• With the help of Hermes, Athena, and Hades, Perseus beheaded Medusa. The Gorgon's head was then used to rescue Andromeda, an Ethiopian princess, from a sea monster named Cetus.
  • Perseus sought the help of the Graeae, the three sisters of the Gorgons who shared a single eye and a tooth among them.

The Tragedy of Oedipus

  • According to an oracle, Oedipus, son of King Laius of Thebes and Jocasta, would kill his father. Due to the prophecy, the king ordered a servant to tether his son’s ankles and abandon him on a mountaintop.
  • Despite the king’s order, the servant saved Oedipus by giving him to a shepherd. Young Oedipus was soon adopted by King Polybus of Corinth.
  • At Delphi, Oedipus discovered his fate through an oracle. While on his way to Thebes, he encountered King Laius and killed him.
  • During this time, Thebes was ruled by Creon, Jocasta’s brother. Creon promised that whoever can solve the riddle of the Sphinx would gain the kingdom of Thebes. Oedipus solved the riddle, became the ruler of Thebes, and married Jocasta.
  • Oedipus only discovered that he killed his father and married his mother when Thebes was plagued. As an oracle exposed the cause of the plague, Jocasta hung herself out of disgust.
  • Upon seeing the dead body of Jocasta, Oedipus stabbed his eyes and was sent to exile.

Troy and the Trojan Horse

  • One of the most interesting war stories among the Greeks was the Trojan War. The conflict began when Paris, a Trojan prince, abducted Helen, wife of Menelaus of Sparta.
  • When the Trojans refused to send Helen back, Menelaus persuaded his brother Agamemnon to attack Troy. Agamemnon and his troops, including heroes Achilles, Patroclus, Odysseus and Ajax, sailed to Troy.
  • After years of battle, the Greeks deceived the Trojans by sending a huge wooden horse as a gift.
  • The horse concealed a small group of skilled warriors.
  • The final year of the war was depicted in Homer’s Iliad. Historians believe that this epic war probably reflected a real war that occurred between the invading Greeks and people of Troas in 1200 BC, because of control over the Dardanelles.

Greek deities: The Twelve Olympians

Genealogy of major Greek deities based on mythology

  • Ancient Greeks practised polytheism, meaning they believed and worshipped several gods and goddesses that represented certain aspects of human life. For the ancient Greeks, religion guided their personal and everyday life. These deities were depicted in human form and characters. Most of the time, they directly intervened in human affairs and even bore child with them.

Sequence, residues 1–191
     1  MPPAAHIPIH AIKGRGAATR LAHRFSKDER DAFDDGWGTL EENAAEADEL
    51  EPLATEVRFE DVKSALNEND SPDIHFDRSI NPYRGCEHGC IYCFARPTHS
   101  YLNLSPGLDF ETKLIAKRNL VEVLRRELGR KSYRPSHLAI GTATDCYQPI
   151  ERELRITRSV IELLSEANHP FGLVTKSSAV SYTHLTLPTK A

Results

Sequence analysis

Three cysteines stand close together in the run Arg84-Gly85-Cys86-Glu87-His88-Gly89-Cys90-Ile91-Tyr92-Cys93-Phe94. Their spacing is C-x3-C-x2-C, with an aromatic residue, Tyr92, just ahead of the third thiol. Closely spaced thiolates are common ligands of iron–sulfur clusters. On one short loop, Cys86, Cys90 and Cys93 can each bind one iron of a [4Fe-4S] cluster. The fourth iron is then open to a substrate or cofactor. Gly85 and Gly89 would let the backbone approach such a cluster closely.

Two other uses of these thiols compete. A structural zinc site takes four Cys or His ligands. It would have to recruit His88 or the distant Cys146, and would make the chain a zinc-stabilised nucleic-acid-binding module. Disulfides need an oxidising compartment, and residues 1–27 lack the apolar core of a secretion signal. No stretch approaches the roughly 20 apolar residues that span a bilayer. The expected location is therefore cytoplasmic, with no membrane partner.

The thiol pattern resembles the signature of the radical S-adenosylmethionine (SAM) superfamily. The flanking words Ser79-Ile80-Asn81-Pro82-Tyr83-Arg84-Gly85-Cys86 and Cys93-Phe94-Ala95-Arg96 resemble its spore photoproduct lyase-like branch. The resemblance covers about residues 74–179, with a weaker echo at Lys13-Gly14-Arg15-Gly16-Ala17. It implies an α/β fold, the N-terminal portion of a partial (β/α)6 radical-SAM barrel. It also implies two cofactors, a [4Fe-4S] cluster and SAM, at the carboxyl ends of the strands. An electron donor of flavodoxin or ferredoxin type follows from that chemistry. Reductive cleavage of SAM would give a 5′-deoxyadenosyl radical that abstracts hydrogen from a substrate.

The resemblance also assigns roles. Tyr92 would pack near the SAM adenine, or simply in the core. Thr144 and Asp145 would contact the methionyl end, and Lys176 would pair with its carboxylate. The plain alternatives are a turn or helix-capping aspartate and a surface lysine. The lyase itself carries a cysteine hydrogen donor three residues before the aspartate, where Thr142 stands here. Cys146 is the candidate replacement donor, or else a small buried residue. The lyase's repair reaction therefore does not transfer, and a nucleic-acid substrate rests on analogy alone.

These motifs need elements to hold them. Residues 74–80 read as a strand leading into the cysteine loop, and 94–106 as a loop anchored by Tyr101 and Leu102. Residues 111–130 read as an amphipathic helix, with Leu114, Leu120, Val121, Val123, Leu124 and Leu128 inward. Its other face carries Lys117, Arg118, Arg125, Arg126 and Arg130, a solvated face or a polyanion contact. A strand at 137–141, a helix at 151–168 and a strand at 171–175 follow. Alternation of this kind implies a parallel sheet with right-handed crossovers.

• There were said to be 12 or 13 deities that comprised the list of Olympian gods. In Greek mythology, they were the major deities that resided on Mount Olympus. The Elder gods or Titan gods were the ruler of the cosmos prior to the Olympian gods.
  • To honour their gods and goddesses, ancient Greeks built temples or naos and designated them as patrons of cities. For example, Aphrodite, the goddess of beauty, passion and love, was the patron of the city of Corinth.

ZEUS

  • According to ancient Greek religion, Zeus was the sky and thunder god and the youngest of the sons of Cronus and Rhea. Etymologically, his Roman equivalent name was Jupiter, who possessed the same power.
  • He was seen as the god who maintained order, and the ruler upon all gods. He assigned each deity its roles. Although Zeus did not physically father many gods, he was considered the father of them all.
  • His union with Hera, his sister, produced other gods, including Ares, Hebe and Hephaestus. He was also the father of many deities and heroes, such as Apollo, Artemis, Hermes, Athena, Perseus and Heracles.
  • In addition to thunder, he was also characterised by animal imagery, like an eagle, bull and oak.
  • According to mythology, Zeus grew greater and more powerful than his father. He was the reason why his other siblings escaped their father’s stomach. He also freed the Cyclopes and Cronus’ brothers from Tartarus.
  • Then, Zeus collaborated with his brothers and sisters, Cyclopes and Hecatonchires, to overthrow Cronus. They also cast the Titans to Tartarus, which was a region in the underworld. One myth recounts that there was a Titan punished by holding the sky, because he fought against Zeus.